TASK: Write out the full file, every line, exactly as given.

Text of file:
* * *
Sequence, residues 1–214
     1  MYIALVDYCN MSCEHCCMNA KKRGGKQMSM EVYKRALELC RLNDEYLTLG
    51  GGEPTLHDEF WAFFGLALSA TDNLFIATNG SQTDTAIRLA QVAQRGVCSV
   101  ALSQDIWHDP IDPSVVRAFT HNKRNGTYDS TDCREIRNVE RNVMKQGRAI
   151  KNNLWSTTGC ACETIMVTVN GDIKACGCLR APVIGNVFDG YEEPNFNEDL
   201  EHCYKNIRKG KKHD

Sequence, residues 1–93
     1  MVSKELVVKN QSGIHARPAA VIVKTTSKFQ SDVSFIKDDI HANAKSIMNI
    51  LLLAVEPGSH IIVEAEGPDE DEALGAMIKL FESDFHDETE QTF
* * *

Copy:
Sequence, residues 1–214
     1  MYIALVDYCN MSCEHCCMNA KKRGGKQMSM EVYKRALELC RLNDEYLTLG
    51  GGEPTLHDEF WAFFGLALSA TDNLFIATNG SQTDTAIRLA QVAQRGVCSV
   101  ALSQDIWHDP IDPSVVRAFT HNKRNGTYDS TDCREIRNVE RNVMKQGRAI
   151  KNNLWSTTGC ACETIMVTVN GDIKACGCLR APVIGNVFDG YEEPNFNEDL
   201  EHCYKNIRKG KKHD

Sequence, residues 1–93
     1  MVSKELVVKN QSGIHARPAA VIVKTTSKFQ SDVSFIKDDI HANAKSIMNI
    51  LLLAVEPGSH IIVEAEGPDE DEALGAMIKL FESDFHDETE QTF